Healthcare sector needs long-term thinking and persistence to solve today’s issues.
Jeremy Hughes – CEO, Alzheimer's Society UK
There has been a tendency to view rising patient expectations as a problem that will stretch the resources of healthcare systems.
What other industries have long recognized – and what healthcare is at last waking up to – is that an active customer is actually a force for positive change. Their feedback can provide valuable ideas to help improve care, by making it more relevant to the needs of patients. Taking a leaf out of retailers’ books, these ideas can also drive research and development for new, relevant products. A more engaged patient is also able to play a bigger part in his or her own care, which can ultimately lead to significant cost savings.
Other industries are starting to tear down the barriers separating providers and consumers, by involving customers at more points in the value chain, notably in the area of self-service, which is replacing the roles of cashiers and shop assistants. The traditional paternalistic role of doctors as the possessors of all medical knowledge has proved a little harder to shift.
At heart, most clinicians realize that no one knows better about a patient’s needs than the patient themselves. They now need to seize this notion to meaningfully change their clinical interactions.
Customer engagement requires an upfront investment. Self-service in retail stores cannot work without the right equipment to select and scan items, while banks must provide the right interactive software to ensure safe, convenient online transactions. It is no different for healthcare, where patients need support from remote diagnostic equipment, powered by technology.
A number of healthcare organizations have turned to behavioral economics to better understand the way they interact with customers, and to shape their behavior. South African health insurer Discovery Health developed a product called Vitality, incentivizing policyholders to take better care of their health.
Health systems without private insurance need to look for alternative ways to encourage patients to get more involved in their own care. The need for active patients is even greater in emerging societies, where staff and resources are limited. However, in all cases, individuals require a supporting infrastructure, and cannot be expected to go it alone.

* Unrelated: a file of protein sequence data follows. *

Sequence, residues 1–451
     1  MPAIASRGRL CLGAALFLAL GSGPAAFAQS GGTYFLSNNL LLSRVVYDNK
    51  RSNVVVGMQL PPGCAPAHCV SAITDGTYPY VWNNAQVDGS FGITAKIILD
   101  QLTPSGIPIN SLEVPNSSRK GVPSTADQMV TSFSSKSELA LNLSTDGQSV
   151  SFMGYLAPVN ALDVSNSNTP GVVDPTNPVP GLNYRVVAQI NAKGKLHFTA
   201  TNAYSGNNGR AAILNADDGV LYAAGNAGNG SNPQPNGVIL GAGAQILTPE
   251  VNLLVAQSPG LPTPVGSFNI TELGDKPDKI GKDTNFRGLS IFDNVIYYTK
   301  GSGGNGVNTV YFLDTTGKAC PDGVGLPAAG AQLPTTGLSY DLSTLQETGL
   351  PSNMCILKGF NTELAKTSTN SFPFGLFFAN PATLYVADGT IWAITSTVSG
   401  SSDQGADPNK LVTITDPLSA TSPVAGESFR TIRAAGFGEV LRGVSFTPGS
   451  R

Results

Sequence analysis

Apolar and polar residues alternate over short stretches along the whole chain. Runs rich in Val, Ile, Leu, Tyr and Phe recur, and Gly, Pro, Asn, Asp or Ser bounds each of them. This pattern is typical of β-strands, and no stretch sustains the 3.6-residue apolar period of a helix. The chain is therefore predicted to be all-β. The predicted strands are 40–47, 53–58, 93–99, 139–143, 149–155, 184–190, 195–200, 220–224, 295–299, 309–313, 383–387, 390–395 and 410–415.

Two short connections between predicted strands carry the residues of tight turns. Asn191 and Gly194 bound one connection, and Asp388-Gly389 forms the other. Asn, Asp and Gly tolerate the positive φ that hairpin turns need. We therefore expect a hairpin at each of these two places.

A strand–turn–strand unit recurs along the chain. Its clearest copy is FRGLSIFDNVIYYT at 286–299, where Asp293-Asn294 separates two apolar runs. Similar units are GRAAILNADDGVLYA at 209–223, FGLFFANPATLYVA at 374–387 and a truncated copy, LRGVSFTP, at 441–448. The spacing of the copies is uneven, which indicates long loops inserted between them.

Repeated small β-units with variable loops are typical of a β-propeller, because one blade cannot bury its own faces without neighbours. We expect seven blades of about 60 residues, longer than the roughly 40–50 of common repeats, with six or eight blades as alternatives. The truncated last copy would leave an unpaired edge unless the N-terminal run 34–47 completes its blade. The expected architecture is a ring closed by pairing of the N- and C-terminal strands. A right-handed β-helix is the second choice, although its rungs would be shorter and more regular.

The Society for Family Health (SFH) is one of Nigeria’s largest nongovernmental organizations, whose mission is to empower citizens, particularly the poor and vulnerable, to lead healthier lives. SFH works with the private and public sectors, utilizing social marketing and other methods to improve access to essential health information, services and products to encourage healthy behavior. With appropriate support from communities, patients are urged to become the primary guardians of their own health.
Patient representative group Alzheimer’s Society UK has created the National Dementia Declaration, comprised of three simple statements that, if answered, would transform the way that providers work with patients with dementia:
Barbara’s Story, a video created by nurses at Guy’s and St. Thomas’ NHS Foundation Trust, lets staff understand the experience of those with dementia – a fifth of all hospital patients in the developed world – paving the way for better, more appropriate services.
View Barbara’s Story
In most societies, insurance and social security systems are coming under increasing pressure due to ageing populations, limitations in national budgets, and rising healthcare costs. While the underlying nature of risks are changing, traditional models of insurance have not evolved: the burden of disease across all societies has shifted from communicable diseases to non-communicable diseases. Inefficient healthcare, insurance and social security systems do not address the issue of poor human behavior – their business models are largely seen through a curative lens, rather than a preventative one.
There is extensive evidence supporting the efficacy of this wellness-integrated insurance model, in terms of improved member engagement in health and wellness activities, improved clinical outcomes, reduced healthcare costs, increased productivity at work, and improved mortality rates. For example:
This wellness-based insurance model delivers unique benefits for members and the insurer, resulting in savings. These savings are in turn used to fund the discounts at the reward partners which are needed to drive the required behavioral change, creating a simple, powerful and reinforcing loop for Discovery Health and its Vitality members.